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Reggae Radio Forum A Huge Success

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On Thursday, April 16th, the Coalition to Preserve Reggae Music (CPR) in association with People of Black Heritage and ZYNC TV hosted another in its forum series this time addressing the question “Do radio deejays contribute to the state of popular Jamaican music?” In a spirited and enlightening discussion held in the auditorium of St. Luke’s Episcopal Church in the Bronx, panelists, Dahved Levy of WBLS (107.5 FM), DJ Roy of Irie Jam on WVIP (93.5 FM), Mikey Sterling of R5 Radio on WVIP, Avril Francis of ER Radio on WVIP, Carter Van Pelt of WKCR (89.9 FM), Spread Love Bobby on WPAT (930 AM) and Richie Poo of Royal Radio (106.3 FM) provided insightful and often candid answers to the question. The high energy exchange between the panelists, commentators and the community who packed the auditorium was moderated by Sharon Gordon, chairperson and co-founder of CPR. The official commentators for the evening, legendary radio host, Jeff Barnes, singer/drummer/producer Ed Robinson, radio host, Francine Chin, and the well known DJ Prentice all offered unique perspective on the issue.

Many on the panel thanked CPR for the opportunity to hear how the people in the community feel and think, while many in the audience expressed gratitude to CPR for giving them a place for their voice to be heard. “I was amazed to see how many people took listening to radio so seriously,” said DJ Prentice, “the panel had an opportunity to see the reaction on the other side of the mike.”  Kittitian panelist, Avril Francis stated that, “CPR is the saving spirit that was missing to uplift the people…for those who missed the forum, you missed one chance to feel passion, unity and togetherness.”  In her role as commentator, long time broadcaster, Francine Chin, admonished the panel collectively, “Everyone needs to operate according to set standards…we have to raise the bar not only in being creative in music and radio but the entire industry.” Chin continued, “Broadcasting has aspects where there is a universal language, a universal code…it’s up to the broadcasters and the community to enforce this.”  With many on the panel being on brokered radio, a good portion of the evening was spent discussing the challenges of brokered radio on which the community relies heavily to hear music and obtain information.  The exorbitant costs of maintaining brokered air time was passionately discussed.  According to DJ Roy, all brokered radio jocks have another job because they have to pay for their time on the radio. “Being on brokered radio is no joke,” he chuckled. “It’s not easy coming up with the $12,000 per week to pay for Irie Jam’s airtime,” he shared, “that’s before the staff or any other operating expense is paid.” Bobby Clarke and Louie Grant owners of Irie Jam Media group could be seen in the audience, nodding their heads in agreement. Dahved Levy the only, radio jock on a mainstream station, unapologetically, expressed that, “I have to do what it takes to keep my number one spot, of course I played Dutty Wine but I played it later on in my show, after I had already played the vintage reggae tunes in the opening and lead up to the current tunes.”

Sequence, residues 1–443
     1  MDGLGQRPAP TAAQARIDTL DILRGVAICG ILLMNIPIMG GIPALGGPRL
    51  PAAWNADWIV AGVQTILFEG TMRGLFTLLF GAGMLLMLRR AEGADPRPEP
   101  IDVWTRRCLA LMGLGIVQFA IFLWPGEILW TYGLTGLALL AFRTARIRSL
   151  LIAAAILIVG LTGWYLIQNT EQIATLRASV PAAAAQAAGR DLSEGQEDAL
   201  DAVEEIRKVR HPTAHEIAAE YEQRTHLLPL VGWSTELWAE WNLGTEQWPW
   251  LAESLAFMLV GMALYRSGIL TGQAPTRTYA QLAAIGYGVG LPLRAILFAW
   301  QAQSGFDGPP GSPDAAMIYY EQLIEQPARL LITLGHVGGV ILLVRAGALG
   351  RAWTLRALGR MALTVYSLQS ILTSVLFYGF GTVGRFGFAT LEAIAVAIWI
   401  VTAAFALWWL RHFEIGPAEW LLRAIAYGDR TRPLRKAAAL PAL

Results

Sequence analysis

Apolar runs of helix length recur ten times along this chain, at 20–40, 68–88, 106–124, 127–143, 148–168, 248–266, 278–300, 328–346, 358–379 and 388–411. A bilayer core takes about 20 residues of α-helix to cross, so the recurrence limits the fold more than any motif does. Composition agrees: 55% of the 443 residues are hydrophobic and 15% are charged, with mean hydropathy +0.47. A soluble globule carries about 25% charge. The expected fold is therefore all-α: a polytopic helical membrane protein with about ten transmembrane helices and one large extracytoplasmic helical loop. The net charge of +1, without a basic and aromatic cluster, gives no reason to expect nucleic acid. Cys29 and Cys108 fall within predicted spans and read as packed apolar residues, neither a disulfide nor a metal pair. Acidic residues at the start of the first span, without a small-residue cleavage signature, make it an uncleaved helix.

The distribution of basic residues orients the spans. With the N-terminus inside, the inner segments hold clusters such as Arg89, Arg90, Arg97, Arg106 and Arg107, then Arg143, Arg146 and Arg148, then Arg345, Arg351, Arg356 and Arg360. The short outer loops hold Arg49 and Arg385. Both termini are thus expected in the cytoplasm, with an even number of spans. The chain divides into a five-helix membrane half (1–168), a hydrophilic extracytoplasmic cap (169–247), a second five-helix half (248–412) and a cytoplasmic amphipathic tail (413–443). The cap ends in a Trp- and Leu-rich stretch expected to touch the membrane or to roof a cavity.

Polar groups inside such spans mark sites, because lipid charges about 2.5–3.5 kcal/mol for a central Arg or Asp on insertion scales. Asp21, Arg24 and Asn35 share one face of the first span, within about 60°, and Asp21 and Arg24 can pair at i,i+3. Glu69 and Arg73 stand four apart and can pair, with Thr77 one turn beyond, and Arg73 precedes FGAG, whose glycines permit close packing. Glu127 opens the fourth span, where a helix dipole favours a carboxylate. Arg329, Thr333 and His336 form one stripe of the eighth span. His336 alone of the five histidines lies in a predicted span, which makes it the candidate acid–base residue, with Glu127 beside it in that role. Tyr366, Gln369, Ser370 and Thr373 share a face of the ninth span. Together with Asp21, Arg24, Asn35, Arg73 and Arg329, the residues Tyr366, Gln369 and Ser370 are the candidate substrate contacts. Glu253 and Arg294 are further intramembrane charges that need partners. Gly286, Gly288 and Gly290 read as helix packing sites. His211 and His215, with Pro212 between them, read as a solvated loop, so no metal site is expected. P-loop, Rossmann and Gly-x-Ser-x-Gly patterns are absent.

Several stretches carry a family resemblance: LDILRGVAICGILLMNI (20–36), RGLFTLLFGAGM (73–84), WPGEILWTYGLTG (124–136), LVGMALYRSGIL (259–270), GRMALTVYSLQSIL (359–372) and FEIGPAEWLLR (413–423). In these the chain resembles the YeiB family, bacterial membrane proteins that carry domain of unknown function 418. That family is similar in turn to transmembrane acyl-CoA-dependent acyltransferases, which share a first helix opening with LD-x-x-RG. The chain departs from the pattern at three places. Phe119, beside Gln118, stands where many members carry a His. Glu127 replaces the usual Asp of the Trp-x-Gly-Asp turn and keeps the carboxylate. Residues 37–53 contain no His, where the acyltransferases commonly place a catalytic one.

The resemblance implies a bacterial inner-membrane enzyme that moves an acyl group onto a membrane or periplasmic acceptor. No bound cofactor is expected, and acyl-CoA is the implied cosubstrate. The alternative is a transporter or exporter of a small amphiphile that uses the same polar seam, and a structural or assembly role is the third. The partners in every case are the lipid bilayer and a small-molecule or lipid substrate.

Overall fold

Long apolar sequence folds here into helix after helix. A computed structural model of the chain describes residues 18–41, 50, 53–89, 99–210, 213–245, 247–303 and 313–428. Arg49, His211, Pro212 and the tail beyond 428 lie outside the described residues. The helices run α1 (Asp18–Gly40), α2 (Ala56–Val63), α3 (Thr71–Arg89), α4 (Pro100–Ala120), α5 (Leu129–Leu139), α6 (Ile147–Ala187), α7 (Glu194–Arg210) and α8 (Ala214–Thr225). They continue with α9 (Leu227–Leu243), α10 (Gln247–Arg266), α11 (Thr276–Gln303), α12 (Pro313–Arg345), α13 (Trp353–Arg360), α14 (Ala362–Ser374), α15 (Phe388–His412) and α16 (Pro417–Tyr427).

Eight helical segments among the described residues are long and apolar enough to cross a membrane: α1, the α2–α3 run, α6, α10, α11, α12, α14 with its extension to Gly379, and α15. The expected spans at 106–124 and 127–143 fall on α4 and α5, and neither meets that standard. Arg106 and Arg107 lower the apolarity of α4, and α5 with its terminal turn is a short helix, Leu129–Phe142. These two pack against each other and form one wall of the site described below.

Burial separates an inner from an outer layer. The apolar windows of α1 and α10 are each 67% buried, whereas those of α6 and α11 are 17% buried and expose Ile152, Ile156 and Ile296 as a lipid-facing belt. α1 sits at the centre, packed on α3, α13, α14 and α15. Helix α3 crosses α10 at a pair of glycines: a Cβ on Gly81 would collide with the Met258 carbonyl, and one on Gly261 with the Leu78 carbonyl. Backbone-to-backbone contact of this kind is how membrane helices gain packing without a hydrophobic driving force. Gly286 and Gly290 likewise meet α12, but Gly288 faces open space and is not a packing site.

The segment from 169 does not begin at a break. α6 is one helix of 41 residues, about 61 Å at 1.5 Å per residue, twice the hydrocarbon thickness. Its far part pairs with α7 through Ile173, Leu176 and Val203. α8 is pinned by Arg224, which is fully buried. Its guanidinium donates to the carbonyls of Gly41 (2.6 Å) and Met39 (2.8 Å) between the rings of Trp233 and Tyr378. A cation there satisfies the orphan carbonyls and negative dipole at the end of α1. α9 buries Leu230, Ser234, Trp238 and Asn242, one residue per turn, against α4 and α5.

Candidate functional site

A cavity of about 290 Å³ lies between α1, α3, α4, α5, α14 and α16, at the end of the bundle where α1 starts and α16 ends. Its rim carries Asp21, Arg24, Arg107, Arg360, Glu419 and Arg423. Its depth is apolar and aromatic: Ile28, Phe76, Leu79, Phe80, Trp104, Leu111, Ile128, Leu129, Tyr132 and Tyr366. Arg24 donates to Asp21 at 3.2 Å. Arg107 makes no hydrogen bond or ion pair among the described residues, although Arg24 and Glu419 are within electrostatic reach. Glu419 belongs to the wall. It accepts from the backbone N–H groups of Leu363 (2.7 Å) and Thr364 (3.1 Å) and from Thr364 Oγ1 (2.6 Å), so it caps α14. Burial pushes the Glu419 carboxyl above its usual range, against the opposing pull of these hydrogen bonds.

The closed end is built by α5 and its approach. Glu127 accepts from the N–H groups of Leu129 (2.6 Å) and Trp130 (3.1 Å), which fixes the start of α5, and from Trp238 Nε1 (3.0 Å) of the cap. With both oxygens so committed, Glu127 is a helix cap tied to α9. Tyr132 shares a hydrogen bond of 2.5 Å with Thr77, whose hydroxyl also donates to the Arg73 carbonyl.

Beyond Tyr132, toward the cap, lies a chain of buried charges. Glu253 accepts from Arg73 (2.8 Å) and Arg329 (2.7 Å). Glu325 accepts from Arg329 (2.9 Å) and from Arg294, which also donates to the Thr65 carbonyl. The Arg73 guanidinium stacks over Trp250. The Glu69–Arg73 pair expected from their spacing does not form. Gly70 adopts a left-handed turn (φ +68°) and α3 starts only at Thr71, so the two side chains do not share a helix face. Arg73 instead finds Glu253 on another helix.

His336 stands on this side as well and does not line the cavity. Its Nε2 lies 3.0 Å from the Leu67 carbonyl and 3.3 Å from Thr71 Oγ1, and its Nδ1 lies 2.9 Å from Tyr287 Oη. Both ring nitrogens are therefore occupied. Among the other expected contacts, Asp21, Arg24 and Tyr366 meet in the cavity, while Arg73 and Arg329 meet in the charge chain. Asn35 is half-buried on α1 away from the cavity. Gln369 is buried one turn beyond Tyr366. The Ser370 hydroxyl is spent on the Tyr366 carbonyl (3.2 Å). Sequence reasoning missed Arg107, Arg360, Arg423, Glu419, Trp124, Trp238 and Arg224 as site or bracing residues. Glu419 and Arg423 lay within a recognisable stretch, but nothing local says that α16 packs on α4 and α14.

The forum promised a keen insight into the question and after three and half hours, some in the audience surmised that “this is a community issue and only the community can solve it” while others felt strongly that, “we need respectability and professionalism on the radio.”

To top off an already lively evening, Dahved Levy concluded the evening’s deliberations with an unprecedented move as he announced he was signing up on the spot to become a member of CPR. All other members of the panel and others in the audience followed suit to the delight of CPR. “We are pleased to have Dahved Levy as a charter member of CPR,” says Carlyle McKetty, President of the Coalition, “his stature in the industry can only enhance the credibility to our organization. “CPR is here to facilitate community involvement in examining issues and proposing remedies and solutions,” says Sharon Gordon. “As stakeholders we are all affected and we must come together and find common solutions.”

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Written by jamarch